2014-02-28 / Columnists

Who’s Who

By Dan Guarino


Maureen Logar Maureen Logar As Aide to the Grand Marshal, Maureen Logar will represent Queens County at the New York City St. Patrick’s Day Parade.

Tell us about yourself.

I am a member of the Ladies Ancient Order of Hibernians. I am the recording secretary for Division 21 in Rockaway and the historian for Queens County LAOH.

I was raised in Richmond Hill in Queens. I went to St. Benedict’s.

My siblings and I spent summers in Rockaway all our lives. Once school was out in June we didn’t come back to “the city” until September. We didn’t put shoes on till then!

I got married in 1984. In 1986, when we had saved up, we bought a house in Breezy.

My husband, Russ, and I have three kids; Patricia 25, Brian 23 and Kevin is 21. So we have three kids, two dogs and a cat all in one house.

I worked at the Permanent Mission of Ireland to the United Nations for 12 years. I left when my daughter was born. When my youngest was in junior high school, I started to work for Ameritag, right here in Rockaway. I’m here almost nine years. It’s a loss prevention company.

Were you involved with community or civic affairs before?

No, I wasn’t part of another group. If there was a donation or collection or if somebody had a card party, I would help out. But I wasn’t involved in any groups.

When my kids were there I was volunteering a lot at PS 114, then I moved over to Scholars’.

I was taking some step dancing lessons in Rockaway, for exercise. Phil McManus came down. And I said to him, with all these women in Rockaway, how do you not have a division of the LAOH here?

It was something that I was not involved with before. It was something my grandparents did. My parents, not necessarily. They didn’t have the time with four kids. What activities are you involved in now?

I was one of the original founders and officers of Division 21 of LAOH in Rockaway. I am a member of the Queens County division, too.

I am the recording secretary for the Division and the historian of the County. I take the minutes of each meeting, scan and get out everything that comes in and make sure everyone gets everything.

I’m still very active with Bridge To Life. I spent a lot of time getting together items, delivering clothes to women who were having babies and didn’t have a place to go. I would go all over Rockaway collecting baby carriages, high chairs, cribs, baby clothes in my van. What kinds of things does the LAOH do?

We meet once a month at the Knights of Columbus. We round up all the ladies and do whatever we can to help. We are nice strong group.

We’re out here to help keep the Irish faith, the Irish culture and spirit alive in the Rockaways and all over. We are here to lend a helping hand to those who need help. That’s actually how it started, when the Irish were coming over and needed that help at first.

We always ask if anyone knows anyone who needs help. We will find out what they can use and get that to them. Whatever is needed and whatever needs to get done. We try to donate as much as we can to other causes, like the St. Rose of Lima food pantry.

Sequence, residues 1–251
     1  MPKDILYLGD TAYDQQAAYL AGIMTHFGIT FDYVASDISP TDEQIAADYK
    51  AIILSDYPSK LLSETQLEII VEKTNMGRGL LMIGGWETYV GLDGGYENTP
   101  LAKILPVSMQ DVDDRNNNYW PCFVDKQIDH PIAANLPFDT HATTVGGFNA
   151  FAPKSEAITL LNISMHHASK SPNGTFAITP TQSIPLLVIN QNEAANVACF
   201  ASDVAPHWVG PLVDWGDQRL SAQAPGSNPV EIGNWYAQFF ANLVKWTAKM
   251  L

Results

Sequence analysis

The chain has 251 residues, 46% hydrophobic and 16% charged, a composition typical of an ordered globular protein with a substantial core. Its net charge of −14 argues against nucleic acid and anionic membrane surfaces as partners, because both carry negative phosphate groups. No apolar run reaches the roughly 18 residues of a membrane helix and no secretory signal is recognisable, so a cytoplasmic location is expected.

And we carry the flags of all the counties of Ireland in the parade. There are 32 flags. We have our ladies come out and they’re not even back in their houses in Breezy yet. They lost everything.

I’ll be carrying the Roscommon flag. That’s where my mother’s family came from. My dad’s family were from County Louth. What is the most important issue facing Rockaway today?

Maybe having a good diner. Whatever was here just doesn’t last for some reason. Maybe more stores, so you could actually go to Rockaway and buy, oh, a pair of shoes? Transportation could be better.

I’m not a complainer. If there is a complaint, well, I look and say “what can we do about it?” What’s the best thing about living in Rockaway?

The people. They are so kind. And if anyone needs anything, all they need to do is ask. That’s how they are. The people are just wonderful. When I’ve needed help, people would say “Whatever you need, just call.” I wouldn’t leave here for the world. We all look out for each other. Biggest concern?

My house, the house I grew up in, that my Mom lived in on Irving walk was washed away in Sandy.

We have a lot of construction going here in Breezy. I am hoping people don’t just give up. I am just hoping it all comes back, all of Rockaway, and bigger and better than ever. And I am just hoping things come back sooner rather than later. We do want people to stay. It’s very disheartening dealing the insurance and all those things, and not getting what they need. What advice or suggestions do you have for people who are not involved, but are interested in helping their community?

Just step up and get involved. In reading in The Wave there are so many projects, so many things going on. Give a call and get involved. You don’t have to take charge, but do what you can. I know a lot of people don’t all have the time, but help were you can. Or help the person that’s helping. If everyone can do that, do a little, then that will make this even a better place.

And it feels good! You’ve done what you can.

There’s no looking back; every day is a different place.

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